Pain Relief, Foods to Eat or Drink for Relief
Natural Foods to Eat or Dring for Pain Relief
Whether its residual aches from an exceptionally tough workout, the beginnings of a pesky cold, or waking up on the wrong side of the bed, some research suggests supplementing those pain pills with certain foods could be just as helpful. Believe it or not, those healthy fruits, veggies, and whole grains we try to pack in our diets may do more than just feed our bodies well—many of them are considered to have anti-inflammatory properties. Sometimes inflammation is a good thing, we’ll give you that—it protects our body when we’ve been injured—but it can also be painful. (Think asthma and arthritis, inflamed sore throats, and cuts or scrapes.) While some have linked certain foods (including chocolate, eggs, wheat, meat, and corn) to causing Inflammation, there’s also evidence a few select delectables could help prevent it, too. Here are eight foods that research suggests may actually help reduce pain.
Just one more excuse to grab that second cup of Joe! Research suggests caffeine can reduce pain in those suffering from exercise-induced muscular injury and pain. Not only that, when taken with a standard dose of pain reliever (ibuprofen, for example), one study found a 100mg to 130mg caffeine supplement — equal to about the amount of caffeine in one cup of coffee — increased pain relief. Natural Pain Relief (No pills of any kind!)
Ginger is basically a wonder root. It combats nausea and motion sickness, and fights off pain with its anti-inflammatory properties. Some especially great news for the ladies: One study showed that ginger (specifically in the form of a 250g or 500g capsule of powdered ginger) was as effective as ibuprofen in relieving menstrual pain ! Plus, ginger can be ingested various ways, from supplements, to tea and cookies, to stir fry.
Not only is salmon tasty and a healthy protein, but it’s full of omega-3 fatty acids, shown to reduce arthritic pain (especially in the neck and back). In one study, the relief experienced from consuming omega-3s in the form of a fish oil supplement was comparable to the relief experienced from taking ibuprofen. Chow down on some of those omega-3s with this baked salmon with avocado yogurt sauce tonight.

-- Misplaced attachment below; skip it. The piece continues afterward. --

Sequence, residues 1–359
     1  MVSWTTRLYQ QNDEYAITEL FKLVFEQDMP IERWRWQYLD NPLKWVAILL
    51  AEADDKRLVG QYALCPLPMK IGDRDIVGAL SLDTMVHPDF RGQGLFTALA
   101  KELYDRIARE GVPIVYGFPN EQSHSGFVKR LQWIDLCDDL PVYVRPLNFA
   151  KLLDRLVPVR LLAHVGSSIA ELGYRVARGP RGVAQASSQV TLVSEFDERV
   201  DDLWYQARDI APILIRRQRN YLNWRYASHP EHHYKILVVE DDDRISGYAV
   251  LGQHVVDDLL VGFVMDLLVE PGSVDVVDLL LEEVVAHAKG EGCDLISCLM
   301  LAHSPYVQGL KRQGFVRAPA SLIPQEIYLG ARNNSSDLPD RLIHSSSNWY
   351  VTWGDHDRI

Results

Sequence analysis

4. Tart Cherries
Turns out tart cherries are good for more than causing a pucker face. Studies have found they can help treat gout (a painful form of arthritis that causes swollen, hot, red joints caused by a buildup of uric acid in the blood). But it’s not just for gout—athletes can benefit, too. In one study, those who drank tart cherry juice for seven days prior to an intense running event showed reduced muscle-pain after the race. Drink up! Meme’s healing juice
5. Echinacea and Sage
Got an aching throat? Some research shows that throat sprays containing sage or echinacea can help provide relief from that nasty sore throat, though there have been few other studies on this benefit, so the evidence isn’t hulk strong. Another survey looking at 14 different studies found that echinacea can decrease the amount of cold infections caught, and reduce their durations. Sage is easy to find at most grocery stores and is also especially tasty in any of these recipes, while echinacea is more commonly found in pill and ointment form. When choosing to take a supplement like echinacea, be aware: Supplements aren’t regulated by the FDA, so manufacturers can often get away with making unproven claims about both the contents of the pills and the benefits of those contents.
While vitamin C has been linked to helping prevent the onset of colds and respiratory infections, an antioxidant called beta-cryptoxanthin, found in oranges and other orange fruits and veggies like sweet potato and cantaloupe, has been found to help reduce the risk of anti-inflammatory conditions like rheumatoid arthritis. Another reason to get out that juicer and start making fresh OJ each day. (Or, you know, just eat an orange.)
7. Evening Primrose
Usually found as an oil, this flower’s powers have been linked to treating atopic dermatitis (a chronic itchy skin condition), rheumatoid arthritis, and PMS symptoms. The gamma-inolenic acid in the oil has anti-coagulant effects that may help reduce the effects of cardiovascular illnesses. Controlling High Blood Pressure (Hypertension)
No, we do not recommend whiskey for a broken heart or curing any sort of emotional pain. But, it turns out adding a spoonful to warm water may just do the trick to kick that pesky sore throat. This article has been read and approved by Greatist experts James Hardeman and Jessica Redmond. Original article written by: JANUARY 9, 2013 |BY KATIE KOERNER https://greatist.com/health/foods-pain-relief
DISCLAIMER: The information here is NOT medical advice. Do not institute any changes in your current health programs without consulting your Medical provider. For medical advice please consult your private physician or preferred health service provider.
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